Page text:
Both companies have continued to source product from Chinese manufacturers but are still adapting to the changes that were a result of the tariff.
“The biggest impact has been the disruption to the supply chain,” says Del-Nat’s Mayfield. “Since U.S. distributors were not ordering tires for a period last year, Chinese manufacturers started selling tires to Europe and other countries. When we decided to start buying again, we had lost our place in line and had to get back in line. The pipeline certainly dried up; it’s getting full again, but it’s taken some time to do that.
“We did seek other sources in addition to China, but there was not a lot of available capacity in the global market ready to start shipping to the U.S.,” he continues. “It did create challenges in the supply chain at the beginning of this year.”
Mayfield notes that while the supply of tires from China to the U.S. will continue, the internal consumption of tires in China is growing considerably. “While China will still be a substantial supplier to the U.S. market, it will be supplying a growing number of tires to the global market and its own internal market. The Chinese are going to be consuming much more of the product that they’re building. Also, China is selling more tires to other parts of the world, which I think will continue.”
Because tiremakers in countries other than China generally don’t produce tires that meet the sizes or applications needed in the U.S., there have not been substantial increases in imports from manufacturers in India, Europe or other Asian countries.
“They’re not making major investments in order to do that, knowing that the tariff is going to go away in just over two years now,” Mayfield says. “There has not been huge investment anywhere in the world including in the U.S. to supply tires to the U.S. market because of this tariff.”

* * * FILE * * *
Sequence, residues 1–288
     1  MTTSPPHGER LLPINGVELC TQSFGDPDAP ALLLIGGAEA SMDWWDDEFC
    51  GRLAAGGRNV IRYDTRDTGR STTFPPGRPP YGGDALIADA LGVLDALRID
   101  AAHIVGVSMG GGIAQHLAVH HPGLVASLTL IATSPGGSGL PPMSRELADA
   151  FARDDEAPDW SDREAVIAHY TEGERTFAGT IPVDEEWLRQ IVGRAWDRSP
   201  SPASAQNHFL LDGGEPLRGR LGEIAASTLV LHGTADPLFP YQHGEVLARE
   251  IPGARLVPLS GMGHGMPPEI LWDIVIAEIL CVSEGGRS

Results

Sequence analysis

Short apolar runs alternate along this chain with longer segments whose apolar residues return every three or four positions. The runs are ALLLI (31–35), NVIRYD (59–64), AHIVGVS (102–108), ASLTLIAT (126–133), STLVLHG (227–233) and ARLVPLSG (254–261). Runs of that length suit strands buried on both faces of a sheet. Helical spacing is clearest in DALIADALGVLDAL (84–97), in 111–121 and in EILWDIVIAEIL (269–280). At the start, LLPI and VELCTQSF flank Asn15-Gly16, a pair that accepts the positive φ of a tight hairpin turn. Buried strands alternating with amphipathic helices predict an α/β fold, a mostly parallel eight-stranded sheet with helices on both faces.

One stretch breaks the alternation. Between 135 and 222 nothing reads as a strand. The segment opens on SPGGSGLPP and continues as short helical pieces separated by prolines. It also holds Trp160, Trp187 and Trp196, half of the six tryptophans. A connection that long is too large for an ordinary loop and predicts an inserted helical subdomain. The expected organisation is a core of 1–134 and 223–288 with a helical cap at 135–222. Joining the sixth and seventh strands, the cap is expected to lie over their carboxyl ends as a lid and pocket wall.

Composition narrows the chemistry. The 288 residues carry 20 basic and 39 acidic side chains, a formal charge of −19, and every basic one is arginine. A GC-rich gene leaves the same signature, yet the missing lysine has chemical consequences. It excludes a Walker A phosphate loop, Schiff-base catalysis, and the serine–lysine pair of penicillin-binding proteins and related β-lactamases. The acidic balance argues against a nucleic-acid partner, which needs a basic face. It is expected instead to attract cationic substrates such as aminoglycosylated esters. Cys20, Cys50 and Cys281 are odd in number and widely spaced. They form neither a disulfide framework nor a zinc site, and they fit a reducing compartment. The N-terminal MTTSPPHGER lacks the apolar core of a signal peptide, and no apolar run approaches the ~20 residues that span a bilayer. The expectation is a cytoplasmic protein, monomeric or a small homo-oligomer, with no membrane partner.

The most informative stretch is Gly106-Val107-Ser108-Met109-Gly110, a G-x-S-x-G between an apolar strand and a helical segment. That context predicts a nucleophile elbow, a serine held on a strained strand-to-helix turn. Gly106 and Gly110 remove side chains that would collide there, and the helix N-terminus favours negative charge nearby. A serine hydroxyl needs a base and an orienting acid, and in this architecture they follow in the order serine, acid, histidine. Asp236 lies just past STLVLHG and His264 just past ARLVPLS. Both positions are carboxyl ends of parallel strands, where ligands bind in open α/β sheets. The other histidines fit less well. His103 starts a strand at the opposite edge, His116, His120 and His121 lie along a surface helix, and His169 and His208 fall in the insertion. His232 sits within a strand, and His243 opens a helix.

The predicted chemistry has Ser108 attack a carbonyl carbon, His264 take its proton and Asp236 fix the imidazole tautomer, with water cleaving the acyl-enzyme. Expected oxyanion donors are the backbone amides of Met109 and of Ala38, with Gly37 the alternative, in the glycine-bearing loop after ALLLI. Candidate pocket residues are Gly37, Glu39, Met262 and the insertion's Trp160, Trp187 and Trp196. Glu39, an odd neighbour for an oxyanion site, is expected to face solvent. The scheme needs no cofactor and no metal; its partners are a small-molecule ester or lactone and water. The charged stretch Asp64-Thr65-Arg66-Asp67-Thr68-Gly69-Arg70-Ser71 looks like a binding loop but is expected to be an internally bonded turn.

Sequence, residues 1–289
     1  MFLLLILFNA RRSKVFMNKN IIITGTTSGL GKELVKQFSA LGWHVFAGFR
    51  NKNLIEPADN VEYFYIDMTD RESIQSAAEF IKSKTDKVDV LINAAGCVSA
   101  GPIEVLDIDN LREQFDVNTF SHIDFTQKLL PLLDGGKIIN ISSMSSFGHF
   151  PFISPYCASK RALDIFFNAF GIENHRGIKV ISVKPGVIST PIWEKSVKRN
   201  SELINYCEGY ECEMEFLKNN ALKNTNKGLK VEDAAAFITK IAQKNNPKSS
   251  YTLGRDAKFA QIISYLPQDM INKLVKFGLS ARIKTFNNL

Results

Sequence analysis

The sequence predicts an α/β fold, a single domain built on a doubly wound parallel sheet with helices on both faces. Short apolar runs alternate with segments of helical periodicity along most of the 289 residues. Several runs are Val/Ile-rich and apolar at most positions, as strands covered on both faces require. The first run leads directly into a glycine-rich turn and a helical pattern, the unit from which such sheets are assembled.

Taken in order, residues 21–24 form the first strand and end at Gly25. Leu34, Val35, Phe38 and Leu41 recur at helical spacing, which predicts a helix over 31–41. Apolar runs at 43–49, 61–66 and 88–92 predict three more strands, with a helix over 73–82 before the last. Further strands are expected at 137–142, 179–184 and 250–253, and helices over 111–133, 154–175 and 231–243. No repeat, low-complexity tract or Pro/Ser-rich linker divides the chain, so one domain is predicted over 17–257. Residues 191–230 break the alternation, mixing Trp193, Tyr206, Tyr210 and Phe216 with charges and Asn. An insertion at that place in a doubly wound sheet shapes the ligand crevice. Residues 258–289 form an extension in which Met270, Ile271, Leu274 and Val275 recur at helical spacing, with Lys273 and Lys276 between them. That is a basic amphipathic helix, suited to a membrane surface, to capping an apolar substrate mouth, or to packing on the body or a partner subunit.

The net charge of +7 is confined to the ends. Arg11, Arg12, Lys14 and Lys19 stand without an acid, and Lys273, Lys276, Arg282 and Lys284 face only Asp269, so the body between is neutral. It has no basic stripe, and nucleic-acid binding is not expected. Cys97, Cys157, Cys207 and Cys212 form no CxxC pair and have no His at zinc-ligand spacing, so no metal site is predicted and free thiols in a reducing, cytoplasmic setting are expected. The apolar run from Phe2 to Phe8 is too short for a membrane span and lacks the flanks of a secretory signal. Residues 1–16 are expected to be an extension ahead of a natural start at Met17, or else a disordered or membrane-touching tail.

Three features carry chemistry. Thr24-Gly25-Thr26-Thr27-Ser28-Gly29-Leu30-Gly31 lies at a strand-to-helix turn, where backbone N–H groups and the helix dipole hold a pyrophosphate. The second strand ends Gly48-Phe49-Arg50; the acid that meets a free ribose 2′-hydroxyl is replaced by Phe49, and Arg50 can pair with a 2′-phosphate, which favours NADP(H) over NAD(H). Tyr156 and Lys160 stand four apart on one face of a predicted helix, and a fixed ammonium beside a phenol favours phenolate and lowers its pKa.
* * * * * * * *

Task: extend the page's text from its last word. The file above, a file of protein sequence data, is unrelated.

In roughly two years when the tariff ends, Hercules’ Simpson foresees “another period of overall market volatility regarding products and pricing.”
On a related note, Del-Nat’s Mayfield predicts a permanent shift in price point that will have a lasting effect.
“I don’t anticipate that on Sept. 26, 2012, there will be a 25% drop in the price of tires out of China,” he says. “The Chinese are going to continue to sell tires here, but they won’t be selling at the same price level they were prior to the tariff. Chinese manufacturers will discover in this process that they’re able to sell tires at a higher price. I think it will be closer in price to some of the second- and third-tier brands that currently exist, and they’ll compete in the market the same way everyone else does.”
Each tiremaker agrees private brands will still fill a needed role in the U.S. marketplace well into the future, both from a dealer and consumer standpoint.
“Private brands will continue to fill a need as a profitable alternative to consumer brands within the dealer network in the U.S. marketplace,” Simp son says. “Hercules continues to partner with strategic manufacturers, working with them to develop new, quality products while honoring all commitments we have made to our partners.
“Hercules offers two things to the independent tire dealer: a quality tire addressing the value segment and a brand our dealers can call their own, one that’s protected by territory exclusivity,” he continues.
Del-Nat also offers tire dealers the opportunity to maximize profits by having exclusive rights in their territory to market their brands, either Delta or National, Mayfield notes. “It allows dealers to have a product that they’re not competing on price with everyone else in their market.
“The private brand market is going to be here,” he says. “There are manufacturers that value the private brand business and what it brings. We create volume for them that doesn’t compete with their own brands so we can help fill up their capacity. For the private brand folks who distribute their own product and have strong customer relationships, there’s going to be a good future for us.”